Ronald Reagan, exploding the theory that conservatives are gloomy by nature, has proposed a 1983 budget which, in wishful thinking, rivals Lyndon Johnson's romance with guns and butter.

The president is obstinately clinging to the hope that deficits created by radical tax-cutting will generate, not huge inflation and high interest rates, but substantial economic growth.

Not that Reagan's underlying impulses are wrong. He has said repeatedly that the nation needs fiscal retrenchment, balanced budgets, renewed capital growth, and a stable currency. He is right. The program is so sound that he ought to give it a try.

Operationally speaking, Reagan has not tried it. He has put his imprimatur on the largest peacetime deficit in history and dispatched David Stockman to explain its advantages to Congress. Whether Congress will buy used projections from this man is another question.

By every index except the containment of inflation (and 8 to 10 percent unemployment will usually contain inflation to a degree and for a time), all the vital signs are unstable. Wall Street's advance valentine for the President, on budget day, was a 17-point selloff of stocks and another big plunge in bond prices. The financial markets anticipate trouble.

Meanwhile, the big boom in private-capital investment that was to be an important dividend of supply-side economics has taken an odd turn. Private investors, their cash balances swollen by tax cuts, are rudely disregarding the administration's theory and pouring their funds into the money market.

The Democrats, of course, are gleeful. They see themselves as potential political beneficiaries of an economic plan that shows Reagan to have the courage of their most daring convictions. But their most visible spokesman, Speaker Tip O'Neill, is as fuddy-duddy in his way as is his sparring partner, the president. The liberal Democrats have no ready formula for reversing the slide to national insolvency.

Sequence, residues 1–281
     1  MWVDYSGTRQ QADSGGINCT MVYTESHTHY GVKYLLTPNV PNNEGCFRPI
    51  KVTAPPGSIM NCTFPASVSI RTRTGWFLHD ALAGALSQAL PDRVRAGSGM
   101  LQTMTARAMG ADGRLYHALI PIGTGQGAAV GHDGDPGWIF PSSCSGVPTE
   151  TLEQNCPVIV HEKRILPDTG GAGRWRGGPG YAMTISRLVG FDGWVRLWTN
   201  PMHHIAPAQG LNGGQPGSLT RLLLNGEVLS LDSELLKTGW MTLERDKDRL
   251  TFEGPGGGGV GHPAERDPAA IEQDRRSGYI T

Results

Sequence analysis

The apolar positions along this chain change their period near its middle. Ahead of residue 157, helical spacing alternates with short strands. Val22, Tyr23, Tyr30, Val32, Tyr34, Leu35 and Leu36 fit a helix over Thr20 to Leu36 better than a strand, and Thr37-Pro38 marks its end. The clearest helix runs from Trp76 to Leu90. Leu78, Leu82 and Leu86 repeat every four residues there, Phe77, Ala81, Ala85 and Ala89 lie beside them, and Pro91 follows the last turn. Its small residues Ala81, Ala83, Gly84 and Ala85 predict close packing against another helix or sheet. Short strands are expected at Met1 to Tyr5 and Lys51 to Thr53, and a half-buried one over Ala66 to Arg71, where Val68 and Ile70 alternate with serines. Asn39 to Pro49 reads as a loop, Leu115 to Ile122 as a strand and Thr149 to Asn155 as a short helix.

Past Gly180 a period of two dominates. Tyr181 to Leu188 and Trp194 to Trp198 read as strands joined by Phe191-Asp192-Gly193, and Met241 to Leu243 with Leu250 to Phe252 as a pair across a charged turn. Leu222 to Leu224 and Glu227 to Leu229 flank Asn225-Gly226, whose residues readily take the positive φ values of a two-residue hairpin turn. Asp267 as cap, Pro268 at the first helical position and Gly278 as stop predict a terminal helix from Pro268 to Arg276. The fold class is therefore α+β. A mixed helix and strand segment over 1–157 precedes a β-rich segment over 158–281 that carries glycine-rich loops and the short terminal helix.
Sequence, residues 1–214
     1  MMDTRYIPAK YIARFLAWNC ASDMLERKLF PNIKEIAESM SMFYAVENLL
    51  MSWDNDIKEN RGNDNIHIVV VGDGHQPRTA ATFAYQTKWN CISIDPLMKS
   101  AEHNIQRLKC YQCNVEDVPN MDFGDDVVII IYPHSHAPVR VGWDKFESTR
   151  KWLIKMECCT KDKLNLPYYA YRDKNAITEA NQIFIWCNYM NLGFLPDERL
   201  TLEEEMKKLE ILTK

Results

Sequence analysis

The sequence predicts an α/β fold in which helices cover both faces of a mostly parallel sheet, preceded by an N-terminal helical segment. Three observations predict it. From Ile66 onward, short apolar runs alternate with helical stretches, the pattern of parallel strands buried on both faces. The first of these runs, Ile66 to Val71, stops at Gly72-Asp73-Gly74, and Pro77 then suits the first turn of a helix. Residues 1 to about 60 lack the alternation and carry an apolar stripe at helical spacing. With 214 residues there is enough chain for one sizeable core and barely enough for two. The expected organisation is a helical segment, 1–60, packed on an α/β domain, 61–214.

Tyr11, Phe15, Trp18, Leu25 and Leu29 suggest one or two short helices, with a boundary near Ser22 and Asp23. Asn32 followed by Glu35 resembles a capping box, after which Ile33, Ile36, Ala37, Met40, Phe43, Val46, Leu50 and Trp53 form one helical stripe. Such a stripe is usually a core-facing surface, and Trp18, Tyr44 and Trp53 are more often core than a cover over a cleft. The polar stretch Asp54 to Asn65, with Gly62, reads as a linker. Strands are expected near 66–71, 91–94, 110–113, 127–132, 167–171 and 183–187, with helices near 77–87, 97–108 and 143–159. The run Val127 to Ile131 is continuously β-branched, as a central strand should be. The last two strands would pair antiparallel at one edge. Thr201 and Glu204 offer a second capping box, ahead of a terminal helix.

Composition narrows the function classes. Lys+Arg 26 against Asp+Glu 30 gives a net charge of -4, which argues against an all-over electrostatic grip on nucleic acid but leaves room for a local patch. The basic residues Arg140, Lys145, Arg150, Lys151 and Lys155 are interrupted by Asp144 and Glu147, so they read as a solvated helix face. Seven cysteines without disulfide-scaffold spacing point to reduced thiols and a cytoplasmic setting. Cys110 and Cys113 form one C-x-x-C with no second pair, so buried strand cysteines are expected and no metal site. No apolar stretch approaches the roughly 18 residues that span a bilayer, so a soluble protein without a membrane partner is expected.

The significant initiative, in fact, may be coming from another quarter. As Washington was fussing about budget figures, Missouri became, last week, the 32nd state to call for a "constitutional convention." The idea is to frame a "balanced budget" amendment that would hold federal spending to a fixed percentage of GNP.

This is obviously a rigid, unsatisfactory remedy for chronic fiscal irresponsibility. But it might force a return to the lost art of making real national choices, consistent with real national revenues.

>Solvency by constitutional fiat is a last resort, and a drastic one. But the idea is rapidly gaining adherents. If it materializes, it will be a monument to both the failure of rational legislating and the failure of conservative opportunity. It is ironic that Ronald Reagan should be hastening the day.

There are many forms and definitions of conservatism. But at the least, conservatism uses traditional forms and institutions prudently to head off radical remedies. That was the way of Reagan's most distinguished and effective modern predecessor, Dwight D. Eisenhower.

Eisenhower, a realist, did not waste his energy fighting a rear-guard skirmish against the welfare state. He bent himself to restrain defense spending, to balance the budget and to keep the dollar stable. He enjoyed some success at all three objectives, which were mutually compatible.

Ronald Reagan has failed so far to work out the internal contradictions in his program. He has also forgotten, or not yet learned, that effective conservatism begins with a sense of the possible.